- Tree research - St. Mary’s University, NS Department of Natural Resources, local Joggins residents,and Victoria General Hospital (Halifax) are using medical technology (CAT scanning) to understand how bones become fossilised within, and are distributed throughout, the fossil trees of Joggins.
- Microfossil evolution - JFI andMount Allison University have partnered on studying the evolution of microfossils at the Joggins Fossil Cliffs.
- Limestone provenance - JFI and Acadia University have partnered on research into the limestones of the Classic Section of the Cliffs.
- Dendrochronology – the Mount Allison Dendrochronology Group has conducted research on dating the wood in the cliffs from the mines in order to get a more accurate date of when the first mines were built. See their recent paper here.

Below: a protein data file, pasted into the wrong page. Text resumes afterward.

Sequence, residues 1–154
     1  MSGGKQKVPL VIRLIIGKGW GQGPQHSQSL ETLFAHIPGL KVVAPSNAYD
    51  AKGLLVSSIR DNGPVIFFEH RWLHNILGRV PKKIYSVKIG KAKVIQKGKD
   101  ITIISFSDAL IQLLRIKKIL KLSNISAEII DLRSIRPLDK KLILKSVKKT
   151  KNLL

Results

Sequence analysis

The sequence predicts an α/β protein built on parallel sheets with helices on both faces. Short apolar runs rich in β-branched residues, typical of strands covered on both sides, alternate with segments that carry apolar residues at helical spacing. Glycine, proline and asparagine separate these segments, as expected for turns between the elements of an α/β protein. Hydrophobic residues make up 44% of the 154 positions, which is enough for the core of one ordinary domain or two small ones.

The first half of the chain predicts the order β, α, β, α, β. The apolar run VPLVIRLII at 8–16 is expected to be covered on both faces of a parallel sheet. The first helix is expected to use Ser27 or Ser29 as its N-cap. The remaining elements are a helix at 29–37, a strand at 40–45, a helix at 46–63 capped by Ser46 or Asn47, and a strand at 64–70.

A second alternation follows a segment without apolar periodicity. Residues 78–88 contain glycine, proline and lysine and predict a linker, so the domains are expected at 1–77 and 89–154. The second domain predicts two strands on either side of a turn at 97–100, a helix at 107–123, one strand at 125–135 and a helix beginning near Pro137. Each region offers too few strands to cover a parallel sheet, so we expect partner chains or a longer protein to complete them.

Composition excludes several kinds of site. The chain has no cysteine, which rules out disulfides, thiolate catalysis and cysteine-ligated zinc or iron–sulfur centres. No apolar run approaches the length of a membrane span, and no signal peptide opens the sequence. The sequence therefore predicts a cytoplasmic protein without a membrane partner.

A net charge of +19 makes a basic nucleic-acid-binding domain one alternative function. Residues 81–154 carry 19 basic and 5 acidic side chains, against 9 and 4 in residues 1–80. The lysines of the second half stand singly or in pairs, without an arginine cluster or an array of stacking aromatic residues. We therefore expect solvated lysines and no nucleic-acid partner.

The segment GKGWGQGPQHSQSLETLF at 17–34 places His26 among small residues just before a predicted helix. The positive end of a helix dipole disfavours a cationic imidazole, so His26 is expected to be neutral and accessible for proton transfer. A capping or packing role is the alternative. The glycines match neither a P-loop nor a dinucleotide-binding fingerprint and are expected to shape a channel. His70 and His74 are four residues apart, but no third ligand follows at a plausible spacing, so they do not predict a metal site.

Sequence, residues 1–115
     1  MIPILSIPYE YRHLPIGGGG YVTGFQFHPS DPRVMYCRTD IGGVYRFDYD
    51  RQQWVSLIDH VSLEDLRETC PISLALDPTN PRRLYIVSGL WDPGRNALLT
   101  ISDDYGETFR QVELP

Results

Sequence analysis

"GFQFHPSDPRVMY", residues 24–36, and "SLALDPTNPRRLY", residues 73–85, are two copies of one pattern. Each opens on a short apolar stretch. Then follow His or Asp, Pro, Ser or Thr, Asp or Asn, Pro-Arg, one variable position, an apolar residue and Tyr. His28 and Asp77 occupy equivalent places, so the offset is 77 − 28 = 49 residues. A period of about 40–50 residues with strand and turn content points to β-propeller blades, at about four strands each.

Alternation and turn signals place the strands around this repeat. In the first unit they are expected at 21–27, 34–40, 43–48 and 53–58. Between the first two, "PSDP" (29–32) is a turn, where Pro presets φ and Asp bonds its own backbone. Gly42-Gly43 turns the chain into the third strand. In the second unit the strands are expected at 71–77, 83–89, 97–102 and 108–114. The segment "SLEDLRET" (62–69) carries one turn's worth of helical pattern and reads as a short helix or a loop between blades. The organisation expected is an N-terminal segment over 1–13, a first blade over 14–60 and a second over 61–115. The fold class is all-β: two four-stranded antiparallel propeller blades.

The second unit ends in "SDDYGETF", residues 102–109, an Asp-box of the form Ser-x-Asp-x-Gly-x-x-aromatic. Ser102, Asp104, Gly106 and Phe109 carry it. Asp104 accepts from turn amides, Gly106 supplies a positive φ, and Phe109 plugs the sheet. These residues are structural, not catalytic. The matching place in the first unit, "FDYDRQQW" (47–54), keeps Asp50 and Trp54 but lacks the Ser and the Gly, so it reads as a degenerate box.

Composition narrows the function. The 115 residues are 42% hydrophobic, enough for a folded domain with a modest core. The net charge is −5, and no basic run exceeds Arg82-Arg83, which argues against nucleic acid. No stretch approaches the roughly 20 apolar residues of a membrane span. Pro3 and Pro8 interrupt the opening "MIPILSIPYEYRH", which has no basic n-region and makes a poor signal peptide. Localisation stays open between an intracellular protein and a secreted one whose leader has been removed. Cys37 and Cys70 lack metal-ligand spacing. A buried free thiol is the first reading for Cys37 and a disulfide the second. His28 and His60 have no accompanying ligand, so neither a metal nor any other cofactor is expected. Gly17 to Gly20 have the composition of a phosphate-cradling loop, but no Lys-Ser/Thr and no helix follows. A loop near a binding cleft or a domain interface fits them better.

- LiDAR scanning of the cliff face – COGS and Dalhousie University, in partnership with the JFI, are using LiDAR (Light Detection and Ranging: an optical remote sensing technology that measures properties of scattered light to find range and/or other information of a distant target) to scan the cliff face in order to monitor erosion of the cliffs. This has implications for management of the property and for monitoring exposure and erosion of fossils.
- Trace fossils
- Taxonomy - St. Mary’s University
- Ichnology and depositional environments - Natural Resources Canada, St. Mary's University, and Dalhousie are collaborating to build a more complete documentation
of trace fossils from the Joggins Cliffs. In addition to trackways,
burrows constructed by soft-bodied animals will be used to delineate
more specific environmental settings, especially the cyclic shifting
between brackish and nonmarine deposition.